Omair Alavi|Published November 30, 2019
Follow Queen Elsa and Princess Anna into the unknown where they uncover secrets previously hidden from their family and people. In Frozen 2, the sequel to the successful Frozen, the Queen of Arendelle and her younger sister have grown up and have been making their parents proud by ruling their kingdom as they would have expected.
However, there is a strange siren voice that is only audible to Elsa, and she has to deal with it on her own. When things in the kingdom go haywire due to the magical happenings in the Enchanted Forest, Elsa and Anna, accompanied by Kristoff, his reindeer, Sven, and Olaf decide to investigate — both the origin of the mysterious voice and the secret of the Enchanted Forest.
What makes Frozen 2 better than its sequel is the impressive soundtrack, the stunning visuals and a story that grows on you. Mind you, the girls who went crazy when “Let it Go” was released six years back are now wiser, mature and more into Frozen than before. They can connect with Elsa (Idina Menzel) and Anna (Kristen Bell) at a personal level, and that could have added pressure on the directors Chris Buck and Jennifer Lee as well as composer Christophe Beck.
Thankfully, they managed to carve a gem in the form of this movie, filling in the missing pieces with flashback sequences that includes their parents King Agnarr and Queen Iduna (Alfred Molina, Evan Rachel Wood), and what made them meet in the first place.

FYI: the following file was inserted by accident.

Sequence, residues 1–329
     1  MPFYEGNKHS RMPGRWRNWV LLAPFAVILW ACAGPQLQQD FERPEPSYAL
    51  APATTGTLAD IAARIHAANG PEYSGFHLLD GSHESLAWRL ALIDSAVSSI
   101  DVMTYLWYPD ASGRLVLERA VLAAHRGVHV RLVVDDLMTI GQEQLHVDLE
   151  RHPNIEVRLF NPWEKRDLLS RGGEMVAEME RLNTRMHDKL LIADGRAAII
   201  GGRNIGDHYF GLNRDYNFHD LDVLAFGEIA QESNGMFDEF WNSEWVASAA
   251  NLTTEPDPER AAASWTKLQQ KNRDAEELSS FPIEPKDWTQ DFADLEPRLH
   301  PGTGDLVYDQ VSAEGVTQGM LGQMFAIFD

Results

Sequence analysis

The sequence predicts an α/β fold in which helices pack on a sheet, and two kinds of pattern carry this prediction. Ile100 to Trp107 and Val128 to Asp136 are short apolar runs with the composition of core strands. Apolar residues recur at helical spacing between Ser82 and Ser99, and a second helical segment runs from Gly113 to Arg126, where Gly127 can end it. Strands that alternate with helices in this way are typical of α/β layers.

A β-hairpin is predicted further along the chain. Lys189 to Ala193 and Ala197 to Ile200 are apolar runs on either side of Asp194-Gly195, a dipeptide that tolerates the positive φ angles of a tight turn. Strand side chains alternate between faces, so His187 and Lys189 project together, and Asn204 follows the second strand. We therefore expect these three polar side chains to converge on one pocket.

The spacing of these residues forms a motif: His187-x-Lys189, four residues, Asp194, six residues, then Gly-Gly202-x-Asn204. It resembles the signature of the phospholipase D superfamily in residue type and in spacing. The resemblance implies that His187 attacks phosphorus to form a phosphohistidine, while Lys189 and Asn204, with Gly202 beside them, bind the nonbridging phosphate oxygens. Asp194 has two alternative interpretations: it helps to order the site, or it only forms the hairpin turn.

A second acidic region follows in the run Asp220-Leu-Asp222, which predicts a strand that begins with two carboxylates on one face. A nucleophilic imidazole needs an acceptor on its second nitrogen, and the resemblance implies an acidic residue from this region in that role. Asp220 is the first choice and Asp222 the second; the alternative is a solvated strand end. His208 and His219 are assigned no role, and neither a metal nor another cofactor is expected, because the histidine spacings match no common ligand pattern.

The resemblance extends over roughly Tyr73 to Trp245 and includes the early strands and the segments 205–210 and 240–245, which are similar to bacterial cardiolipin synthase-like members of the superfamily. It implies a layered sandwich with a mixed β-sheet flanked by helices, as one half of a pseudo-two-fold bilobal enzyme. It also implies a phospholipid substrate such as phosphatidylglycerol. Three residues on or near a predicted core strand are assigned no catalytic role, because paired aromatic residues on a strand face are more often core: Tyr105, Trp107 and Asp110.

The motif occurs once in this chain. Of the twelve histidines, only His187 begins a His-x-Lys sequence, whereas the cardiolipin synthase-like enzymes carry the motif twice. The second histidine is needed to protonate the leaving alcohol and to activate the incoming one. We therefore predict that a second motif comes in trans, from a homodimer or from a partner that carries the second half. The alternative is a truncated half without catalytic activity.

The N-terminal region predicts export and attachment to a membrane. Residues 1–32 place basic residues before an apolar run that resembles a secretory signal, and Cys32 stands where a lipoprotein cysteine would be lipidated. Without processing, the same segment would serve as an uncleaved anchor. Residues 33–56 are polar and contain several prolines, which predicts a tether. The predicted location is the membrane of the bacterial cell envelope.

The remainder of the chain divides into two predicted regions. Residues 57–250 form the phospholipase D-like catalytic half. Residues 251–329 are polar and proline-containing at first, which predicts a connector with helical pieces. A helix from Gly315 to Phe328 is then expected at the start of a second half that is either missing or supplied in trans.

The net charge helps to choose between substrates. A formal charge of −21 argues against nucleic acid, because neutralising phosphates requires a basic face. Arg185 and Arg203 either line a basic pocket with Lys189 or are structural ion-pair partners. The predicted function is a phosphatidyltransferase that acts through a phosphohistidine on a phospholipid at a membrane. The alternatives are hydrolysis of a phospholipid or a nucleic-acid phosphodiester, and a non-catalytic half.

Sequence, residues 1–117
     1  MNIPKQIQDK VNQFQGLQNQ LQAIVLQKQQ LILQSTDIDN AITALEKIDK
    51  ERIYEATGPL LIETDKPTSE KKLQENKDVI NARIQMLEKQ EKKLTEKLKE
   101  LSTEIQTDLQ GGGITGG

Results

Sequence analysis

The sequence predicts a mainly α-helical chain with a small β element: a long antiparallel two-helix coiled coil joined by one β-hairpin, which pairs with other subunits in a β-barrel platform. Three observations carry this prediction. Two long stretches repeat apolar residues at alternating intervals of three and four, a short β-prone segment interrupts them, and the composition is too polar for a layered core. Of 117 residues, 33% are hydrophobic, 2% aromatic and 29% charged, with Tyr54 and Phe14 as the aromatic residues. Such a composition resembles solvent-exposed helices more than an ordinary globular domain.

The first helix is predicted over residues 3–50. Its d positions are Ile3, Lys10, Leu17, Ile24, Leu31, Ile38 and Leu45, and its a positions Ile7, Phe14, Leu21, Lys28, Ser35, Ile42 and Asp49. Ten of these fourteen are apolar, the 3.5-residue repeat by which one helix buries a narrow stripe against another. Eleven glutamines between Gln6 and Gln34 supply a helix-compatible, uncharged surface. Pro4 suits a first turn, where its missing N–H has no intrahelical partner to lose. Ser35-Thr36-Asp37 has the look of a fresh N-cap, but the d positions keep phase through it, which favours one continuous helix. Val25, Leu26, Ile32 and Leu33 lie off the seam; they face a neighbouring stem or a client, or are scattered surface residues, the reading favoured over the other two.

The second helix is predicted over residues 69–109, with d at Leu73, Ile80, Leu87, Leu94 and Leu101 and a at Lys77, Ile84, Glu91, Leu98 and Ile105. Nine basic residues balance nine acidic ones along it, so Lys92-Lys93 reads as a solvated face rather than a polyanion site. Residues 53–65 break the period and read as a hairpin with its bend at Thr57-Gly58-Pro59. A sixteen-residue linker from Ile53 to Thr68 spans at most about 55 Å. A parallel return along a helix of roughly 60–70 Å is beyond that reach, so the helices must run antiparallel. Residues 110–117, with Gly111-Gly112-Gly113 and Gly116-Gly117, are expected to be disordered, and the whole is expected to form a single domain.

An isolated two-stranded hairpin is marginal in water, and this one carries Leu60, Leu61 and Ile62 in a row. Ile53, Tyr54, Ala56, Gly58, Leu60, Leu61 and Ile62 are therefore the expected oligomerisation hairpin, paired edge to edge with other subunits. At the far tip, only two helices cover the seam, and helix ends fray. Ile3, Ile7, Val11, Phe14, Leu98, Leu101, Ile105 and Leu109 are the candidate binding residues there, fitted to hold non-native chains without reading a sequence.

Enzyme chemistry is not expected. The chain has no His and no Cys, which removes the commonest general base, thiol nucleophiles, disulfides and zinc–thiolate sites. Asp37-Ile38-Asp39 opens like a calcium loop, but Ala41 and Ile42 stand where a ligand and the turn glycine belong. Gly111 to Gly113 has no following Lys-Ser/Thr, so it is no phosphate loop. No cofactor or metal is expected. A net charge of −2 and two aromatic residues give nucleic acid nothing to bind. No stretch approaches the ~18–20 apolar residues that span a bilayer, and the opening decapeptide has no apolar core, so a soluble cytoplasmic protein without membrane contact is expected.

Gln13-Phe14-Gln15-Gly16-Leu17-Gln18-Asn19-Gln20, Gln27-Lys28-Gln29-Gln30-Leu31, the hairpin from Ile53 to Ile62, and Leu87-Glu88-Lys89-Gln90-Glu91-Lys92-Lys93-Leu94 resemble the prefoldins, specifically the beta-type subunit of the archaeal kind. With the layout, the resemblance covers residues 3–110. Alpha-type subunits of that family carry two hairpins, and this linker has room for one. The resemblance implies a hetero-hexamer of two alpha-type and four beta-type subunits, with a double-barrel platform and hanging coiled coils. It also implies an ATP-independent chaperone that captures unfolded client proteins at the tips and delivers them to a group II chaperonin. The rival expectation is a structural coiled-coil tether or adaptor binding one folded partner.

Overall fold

Like the first flick, Frozen 2 is more of a musical than a magical animated film, inspired by Hans Christian Andersen’s The Snow Queen. Here, every song has a meaning and is interlinked with the story, making it faster-paced than the original. With numbers like “Show Yourself”and “Into The Unknown” making it to the top of the charts, the soundtrack will inspire young girls, especially Frozen fans to take on the world, and let the fear go. Songwriters Robert Lopez and Kristen Anderson-Lopez manage to strike gold second time around!
However, that doesn’t mean that the film’s action sequences are second-best; they are more engaging this time around. The stunning 3D effects will not let you take your eyes away from the screen as they will captivate you the moment they appear in front of you. The plot is engaging and handles the loose ends of the first film, entertaining both six year-olds and 60 at the same time.
The Marshmallow Monster is back and so are the Trolls, giving the audience all the more reasons to go and watch the film, and ‘do the next right thing’.
Published in Dawn, Young World, November 30th, 2019